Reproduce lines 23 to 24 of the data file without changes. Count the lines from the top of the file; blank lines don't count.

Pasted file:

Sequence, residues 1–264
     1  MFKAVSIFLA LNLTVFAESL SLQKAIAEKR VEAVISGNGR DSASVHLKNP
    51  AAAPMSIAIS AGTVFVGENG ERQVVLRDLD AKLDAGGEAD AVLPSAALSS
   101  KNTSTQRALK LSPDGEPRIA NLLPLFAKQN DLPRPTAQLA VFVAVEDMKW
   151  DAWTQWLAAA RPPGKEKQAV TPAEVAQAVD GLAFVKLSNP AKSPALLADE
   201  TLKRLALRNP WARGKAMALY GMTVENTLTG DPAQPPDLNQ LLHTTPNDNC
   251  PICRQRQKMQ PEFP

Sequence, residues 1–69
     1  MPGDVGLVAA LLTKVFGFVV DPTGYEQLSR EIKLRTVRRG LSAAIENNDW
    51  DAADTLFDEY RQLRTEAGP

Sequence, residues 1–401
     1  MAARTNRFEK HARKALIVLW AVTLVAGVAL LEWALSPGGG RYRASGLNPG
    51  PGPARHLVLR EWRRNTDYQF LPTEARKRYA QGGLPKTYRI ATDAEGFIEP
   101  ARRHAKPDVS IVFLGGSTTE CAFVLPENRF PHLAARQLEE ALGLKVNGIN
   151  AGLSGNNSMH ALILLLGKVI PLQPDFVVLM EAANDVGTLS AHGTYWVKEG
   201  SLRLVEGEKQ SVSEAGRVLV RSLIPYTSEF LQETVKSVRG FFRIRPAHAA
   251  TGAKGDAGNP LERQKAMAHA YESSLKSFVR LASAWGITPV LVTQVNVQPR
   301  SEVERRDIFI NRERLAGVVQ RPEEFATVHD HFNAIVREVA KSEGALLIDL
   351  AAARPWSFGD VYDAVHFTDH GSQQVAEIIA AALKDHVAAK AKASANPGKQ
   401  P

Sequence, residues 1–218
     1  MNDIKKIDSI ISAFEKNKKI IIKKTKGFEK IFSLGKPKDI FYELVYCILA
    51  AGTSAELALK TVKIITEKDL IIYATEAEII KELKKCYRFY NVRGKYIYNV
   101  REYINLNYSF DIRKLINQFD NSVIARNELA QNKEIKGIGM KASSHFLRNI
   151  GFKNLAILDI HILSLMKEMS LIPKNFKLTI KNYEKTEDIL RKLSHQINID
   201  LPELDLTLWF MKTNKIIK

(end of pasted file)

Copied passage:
    51  AGTSAELALK TVKIITEKDL IIYATEAEII KELKKCYRFY NVRGKYIYNV
   101  REYINLNYSF DIRKLINQFD NSVIARNELA QNKEIKGIGM KASSHFLRNI